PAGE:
In the early years before we could afford to build the barn we didn’t have any cattle facilities.  W e started with three cows we bought from Lynn Brae in Troutville Va.  Two were Hungry Jack daughters and the third was Blanch who was an R&J Blastoff dauhter.  Blanch had a bull calf and when he was about 350 to 400 lbs he came up lame.  I let it go for a few days but it got worse rather than better.  The only thing to do was rope him and try to evaluate and treat the problem. 


I gathered up the necessary supplies and told Monte to stay in the yard and went to catch the calf and treat him.  I caught the calf on the first toss and was feeling real cocky.  I took a dally around a tree and was going to try to reel him in a bit so that I could throw him and treat the sore foot.  Well that little fellow did not think I was there to assist him in any way.  He was running in circles and bucking and bellowing.  I could not gain any rope so I tied him off and started to go down the rope toward the calf.  Well he made enough noise that he got Blanche’s attention and she went into maternal protection mode.  As I made my way done the rope trying to get to the calf and get a hand on him, Blanch started up the rope from the calf toward me.  She came hard.  Long story short, Blanch put me into the trees and we were having a nice game of tag and she was trying hard to tag me with 1400 lbs of maternal protection fury.  I was dodging from tree to tree with my hand on her head and kicking her in the snout and jumping behind the next tree.  The calf was still balling and running and fighting the rope and Blanch was getting madder and showed no signs of letting up.


Monte could not stand it.  He came thru the electric fence, which he was not normally inclined to do.  He grabbed Blanch by the hock and she kicked him.  She wheeled and he snapped at her nose and she rolled him.  I was afraid that Blanch was going to kill my dog and I was flailing on her with whatever I could pick up.  Blanch took turns charging at me and then at Monte.  The calf continued to ball and run in circles and fight the rope.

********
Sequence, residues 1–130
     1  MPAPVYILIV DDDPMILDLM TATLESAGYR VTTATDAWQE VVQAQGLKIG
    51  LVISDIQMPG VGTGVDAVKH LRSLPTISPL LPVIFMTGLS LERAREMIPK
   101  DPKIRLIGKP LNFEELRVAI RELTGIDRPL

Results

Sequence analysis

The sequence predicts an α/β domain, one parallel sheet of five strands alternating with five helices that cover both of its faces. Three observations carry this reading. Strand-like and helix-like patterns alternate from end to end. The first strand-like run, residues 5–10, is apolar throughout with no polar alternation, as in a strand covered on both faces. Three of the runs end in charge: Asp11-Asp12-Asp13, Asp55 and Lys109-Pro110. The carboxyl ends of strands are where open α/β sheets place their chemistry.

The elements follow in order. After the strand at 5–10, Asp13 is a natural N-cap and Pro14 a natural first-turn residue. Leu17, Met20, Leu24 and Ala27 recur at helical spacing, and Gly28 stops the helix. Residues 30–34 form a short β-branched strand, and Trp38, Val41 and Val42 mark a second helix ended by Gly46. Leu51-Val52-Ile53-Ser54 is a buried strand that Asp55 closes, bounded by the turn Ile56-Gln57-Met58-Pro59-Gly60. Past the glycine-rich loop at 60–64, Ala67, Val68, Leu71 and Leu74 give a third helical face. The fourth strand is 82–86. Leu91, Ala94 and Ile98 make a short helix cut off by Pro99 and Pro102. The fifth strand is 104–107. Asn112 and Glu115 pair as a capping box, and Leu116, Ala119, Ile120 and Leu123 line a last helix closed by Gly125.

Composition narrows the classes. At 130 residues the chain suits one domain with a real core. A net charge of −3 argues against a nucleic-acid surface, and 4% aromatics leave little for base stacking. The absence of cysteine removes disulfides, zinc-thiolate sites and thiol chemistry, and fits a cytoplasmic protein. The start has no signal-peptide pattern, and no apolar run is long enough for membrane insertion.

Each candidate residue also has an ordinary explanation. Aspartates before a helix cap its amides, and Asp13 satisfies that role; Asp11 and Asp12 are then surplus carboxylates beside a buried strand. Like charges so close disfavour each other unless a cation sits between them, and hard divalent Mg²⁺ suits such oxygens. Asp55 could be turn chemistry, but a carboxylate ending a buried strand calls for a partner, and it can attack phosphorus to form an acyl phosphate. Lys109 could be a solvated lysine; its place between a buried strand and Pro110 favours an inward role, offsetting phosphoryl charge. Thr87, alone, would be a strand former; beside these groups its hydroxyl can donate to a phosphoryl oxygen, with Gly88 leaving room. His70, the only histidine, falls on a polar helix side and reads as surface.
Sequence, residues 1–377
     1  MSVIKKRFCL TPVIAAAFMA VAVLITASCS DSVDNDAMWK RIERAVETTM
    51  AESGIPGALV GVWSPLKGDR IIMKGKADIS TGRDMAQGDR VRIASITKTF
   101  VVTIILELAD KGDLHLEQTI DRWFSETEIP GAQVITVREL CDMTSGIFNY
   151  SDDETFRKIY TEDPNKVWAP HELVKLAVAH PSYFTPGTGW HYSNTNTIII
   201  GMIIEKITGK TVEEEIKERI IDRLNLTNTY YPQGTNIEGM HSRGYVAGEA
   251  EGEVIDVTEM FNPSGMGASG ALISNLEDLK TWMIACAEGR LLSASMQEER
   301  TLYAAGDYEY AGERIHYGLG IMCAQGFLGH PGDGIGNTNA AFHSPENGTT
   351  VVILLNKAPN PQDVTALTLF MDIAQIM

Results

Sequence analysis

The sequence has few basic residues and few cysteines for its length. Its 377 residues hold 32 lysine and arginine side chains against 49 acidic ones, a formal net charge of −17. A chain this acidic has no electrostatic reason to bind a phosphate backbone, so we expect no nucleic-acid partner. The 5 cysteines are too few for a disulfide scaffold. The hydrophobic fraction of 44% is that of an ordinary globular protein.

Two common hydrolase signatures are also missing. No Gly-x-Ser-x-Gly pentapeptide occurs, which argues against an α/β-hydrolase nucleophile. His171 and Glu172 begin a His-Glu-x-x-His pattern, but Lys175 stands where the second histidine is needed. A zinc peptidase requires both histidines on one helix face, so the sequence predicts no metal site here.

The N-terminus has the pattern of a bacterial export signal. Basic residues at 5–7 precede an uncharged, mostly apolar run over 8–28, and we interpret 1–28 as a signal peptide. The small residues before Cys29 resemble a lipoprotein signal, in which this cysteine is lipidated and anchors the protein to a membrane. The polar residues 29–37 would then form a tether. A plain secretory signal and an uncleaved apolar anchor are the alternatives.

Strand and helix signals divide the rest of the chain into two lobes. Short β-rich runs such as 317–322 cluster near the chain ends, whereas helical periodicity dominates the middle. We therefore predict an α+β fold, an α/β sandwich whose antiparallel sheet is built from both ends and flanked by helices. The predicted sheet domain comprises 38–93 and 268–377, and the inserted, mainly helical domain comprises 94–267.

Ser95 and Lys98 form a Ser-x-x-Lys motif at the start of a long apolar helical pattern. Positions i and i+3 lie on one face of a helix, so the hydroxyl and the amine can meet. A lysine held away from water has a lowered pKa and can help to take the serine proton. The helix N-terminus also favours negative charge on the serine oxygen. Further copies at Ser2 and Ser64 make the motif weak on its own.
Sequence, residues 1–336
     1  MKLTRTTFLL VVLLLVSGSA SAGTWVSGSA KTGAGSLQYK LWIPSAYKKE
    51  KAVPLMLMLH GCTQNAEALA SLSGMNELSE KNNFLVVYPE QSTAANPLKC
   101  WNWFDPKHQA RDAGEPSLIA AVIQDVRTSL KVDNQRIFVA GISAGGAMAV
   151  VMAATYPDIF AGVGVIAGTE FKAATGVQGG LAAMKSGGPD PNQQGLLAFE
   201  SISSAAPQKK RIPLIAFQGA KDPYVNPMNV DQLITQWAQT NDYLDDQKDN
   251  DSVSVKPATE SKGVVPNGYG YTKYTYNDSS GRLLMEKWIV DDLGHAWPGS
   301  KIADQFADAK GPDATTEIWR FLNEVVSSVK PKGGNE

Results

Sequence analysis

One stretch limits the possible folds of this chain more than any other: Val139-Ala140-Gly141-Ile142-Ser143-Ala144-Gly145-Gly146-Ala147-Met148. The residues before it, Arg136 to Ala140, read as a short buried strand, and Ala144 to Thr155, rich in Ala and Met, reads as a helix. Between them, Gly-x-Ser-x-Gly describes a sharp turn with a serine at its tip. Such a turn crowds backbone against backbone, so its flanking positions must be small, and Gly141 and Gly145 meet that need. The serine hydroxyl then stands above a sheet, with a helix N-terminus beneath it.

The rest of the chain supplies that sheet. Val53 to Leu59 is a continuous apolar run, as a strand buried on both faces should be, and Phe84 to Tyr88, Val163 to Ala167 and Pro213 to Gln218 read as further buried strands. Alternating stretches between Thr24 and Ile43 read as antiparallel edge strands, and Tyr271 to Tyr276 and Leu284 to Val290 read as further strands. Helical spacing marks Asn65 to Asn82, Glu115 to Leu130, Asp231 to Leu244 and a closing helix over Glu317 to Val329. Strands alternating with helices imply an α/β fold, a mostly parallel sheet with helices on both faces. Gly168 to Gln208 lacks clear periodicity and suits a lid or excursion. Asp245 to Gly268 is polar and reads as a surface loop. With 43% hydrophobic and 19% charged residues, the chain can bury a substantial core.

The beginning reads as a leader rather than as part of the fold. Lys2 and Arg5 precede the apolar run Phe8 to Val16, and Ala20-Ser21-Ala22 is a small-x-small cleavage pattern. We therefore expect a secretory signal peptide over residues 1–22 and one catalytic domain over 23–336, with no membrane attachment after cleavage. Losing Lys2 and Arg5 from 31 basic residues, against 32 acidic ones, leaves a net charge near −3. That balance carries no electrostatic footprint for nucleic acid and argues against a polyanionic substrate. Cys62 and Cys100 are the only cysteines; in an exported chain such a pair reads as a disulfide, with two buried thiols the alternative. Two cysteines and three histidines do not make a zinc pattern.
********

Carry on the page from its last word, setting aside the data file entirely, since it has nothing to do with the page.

Out of nowhere there appeared a red streak that attached itself firmly to Blanche’s nose and succeeding in getting her attention.  Tana was clamped onto that cow and trying to throw her.  Actually Tana did not have a foot on the ground but she was trying to shake that cow like a rat and so she was hanging off the cow and convulsing in mid air.  Blanch thought better of her plans and wheeled, dislodging Tana.   Tana hit the ground and made a pass at the back heels of Blanch and down across the field they went.  Tana chased Blanch to the other end of the field and then came back and posted herself between Blanch and I, and she sat there growling until I finished with the calf.  Monte took the worst of it but he was not severely injured.  He did cough up a bit of blood  he did not have any broken bones and he shook it off and went down to back up Tana. 


I first thought Marie must have come to the door to check on the commotion and accidentally let Tana out.  But after the commotion I noticed that Marie was conspicuous by her absence.  She would have been in the middle of it trying to protect Tana if she had known.  She was in the Kitchen and was horrified when she learned that her baby had been in the cow field.  I informed her that her baby had saved our collective butts out there.